To store information for a longer duration, these are broken down into different categories in the hippocampus (Step 4), where the fragments are redirected to various cortical structures. For instance, emotional memories are stored in the amygdale, but words are recorded in the temporal lobe. Meanwhile, colours and other visual information are collected in the occipital lobe, and the sense of touch and movement reside in the parietal lobe.[10] The ultimate goal of research focusing on learning and memory processes is, then, to figure out how these scattered fragments are somehow reassembled when we recall an ‘experience’. This is called the “binding problem”. Elevated β-amyloid and impaired synaptic function in hippocampus are among the earliest manifestations of Alzheimer's disease (AD). Most cognitive assessments employed in both humans and animal models, however, are insensitive to this early disease pathology. One critical aspect of hippocampal function is its role in episodic memory, which involves the binding of temporally coincident sensory information (e.g., sights, smells, and sounds) to create a representation of a specific learning epoch. Flexible associations can be formed among these distinct sensory stimuli that enable the "transfer" of new learning across a wide variety of contexts. Thus, understanding this “binding problem” could potentially unravel novel targets for more efficient therapeutic approach to AD-derived dementia.[11-15]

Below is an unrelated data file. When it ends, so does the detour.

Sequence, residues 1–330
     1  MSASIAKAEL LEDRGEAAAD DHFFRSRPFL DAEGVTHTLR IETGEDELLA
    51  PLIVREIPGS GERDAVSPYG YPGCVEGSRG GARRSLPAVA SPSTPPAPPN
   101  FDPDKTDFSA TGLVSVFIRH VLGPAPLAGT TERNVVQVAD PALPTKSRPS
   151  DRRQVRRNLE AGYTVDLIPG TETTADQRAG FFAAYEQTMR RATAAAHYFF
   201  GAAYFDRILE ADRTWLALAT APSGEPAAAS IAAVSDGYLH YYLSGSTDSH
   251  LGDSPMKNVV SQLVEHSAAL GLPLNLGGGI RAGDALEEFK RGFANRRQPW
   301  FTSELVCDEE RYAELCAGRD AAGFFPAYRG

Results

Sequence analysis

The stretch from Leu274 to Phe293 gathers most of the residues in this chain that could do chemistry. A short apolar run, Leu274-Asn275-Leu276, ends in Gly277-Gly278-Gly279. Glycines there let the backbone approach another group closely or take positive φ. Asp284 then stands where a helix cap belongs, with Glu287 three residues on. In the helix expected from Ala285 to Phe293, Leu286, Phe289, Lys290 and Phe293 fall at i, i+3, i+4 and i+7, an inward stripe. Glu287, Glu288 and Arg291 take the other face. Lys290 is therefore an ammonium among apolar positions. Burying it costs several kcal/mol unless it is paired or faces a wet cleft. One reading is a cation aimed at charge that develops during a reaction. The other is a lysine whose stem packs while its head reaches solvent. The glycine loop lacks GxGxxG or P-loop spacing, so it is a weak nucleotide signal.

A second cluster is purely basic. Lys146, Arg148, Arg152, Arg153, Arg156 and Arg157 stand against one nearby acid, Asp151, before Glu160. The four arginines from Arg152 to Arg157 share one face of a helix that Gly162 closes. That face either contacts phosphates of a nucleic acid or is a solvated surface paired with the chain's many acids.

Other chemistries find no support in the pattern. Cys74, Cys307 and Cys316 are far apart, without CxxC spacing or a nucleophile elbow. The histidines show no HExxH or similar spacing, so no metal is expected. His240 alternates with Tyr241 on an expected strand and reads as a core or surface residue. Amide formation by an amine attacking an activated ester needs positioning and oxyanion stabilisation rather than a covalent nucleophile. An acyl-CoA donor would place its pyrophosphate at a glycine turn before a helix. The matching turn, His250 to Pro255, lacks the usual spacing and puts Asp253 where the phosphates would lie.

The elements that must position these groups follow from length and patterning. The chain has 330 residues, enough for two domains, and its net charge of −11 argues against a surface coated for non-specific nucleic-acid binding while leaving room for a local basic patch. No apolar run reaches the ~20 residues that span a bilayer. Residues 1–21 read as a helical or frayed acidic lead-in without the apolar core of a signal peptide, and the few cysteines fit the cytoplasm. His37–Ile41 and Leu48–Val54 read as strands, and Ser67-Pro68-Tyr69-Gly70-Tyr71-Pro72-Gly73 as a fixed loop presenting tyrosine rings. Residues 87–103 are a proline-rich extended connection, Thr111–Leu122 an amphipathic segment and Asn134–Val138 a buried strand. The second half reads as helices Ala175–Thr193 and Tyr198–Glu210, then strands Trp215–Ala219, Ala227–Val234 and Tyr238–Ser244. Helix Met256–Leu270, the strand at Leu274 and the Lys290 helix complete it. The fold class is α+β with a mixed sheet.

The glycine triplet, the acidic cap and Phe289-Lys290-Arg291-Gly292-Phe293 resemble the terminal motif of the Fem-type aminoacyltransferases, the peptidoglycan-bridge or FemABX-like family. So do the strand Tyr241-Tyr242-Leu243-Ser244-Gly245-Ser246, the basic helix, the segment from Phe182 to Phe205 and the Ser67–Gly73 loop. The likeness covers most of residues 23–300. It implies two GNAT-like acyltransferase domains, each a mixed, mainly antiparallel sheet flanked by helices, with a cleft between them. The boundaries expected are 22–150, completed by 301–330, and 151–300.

Alzheimer's disease (AD) is an age-related neurodegenerative disease of the central nervous system correlated with the progressive loss of cognition and memory. β-Amyloid plaques, neurofibrillary tangles and the deficiency in cholinergic neurotransmission constitute the major hallmarks of the AD.[16,17] Two major hypotheses have been implicated in the pathogenesis of AD. namely the cholinergic hypothesis which ascribed the clinical features of dementia to the deficit cholinergic neurotransmission and the amyloid cascade hypothesis which emphasized on the deposition of insoluble peptides formed due to the faulty cleavage of the amyloid precursor protein. Current pharmacotherapy includes mainly the acetylcholinesterase inhibitors and N-methyl-D-aspartate receptor agonist which offer symptomatic therapy and does not address the underlying cause of the disease. The disease-modifying therapy has garnered a lot of research interest for the development of effective pharmacotherapy for AD. β and γ-Secretase constitute attractive targets that are focused in the disease-modifying approach. Potentiation of α-secretase also seems to be a promising approach towards the development of an effective anti-Alzheimer therapy. Additionally, the ameliorative agents that prevent aggregation of amyloid peptide and also the ones that modulate inflammation and oxidative damage associated with the disease are focused upon. On the other hand, development in the area of the vaccines is in progress to combat the characteristic hallmarks of the disease.[18]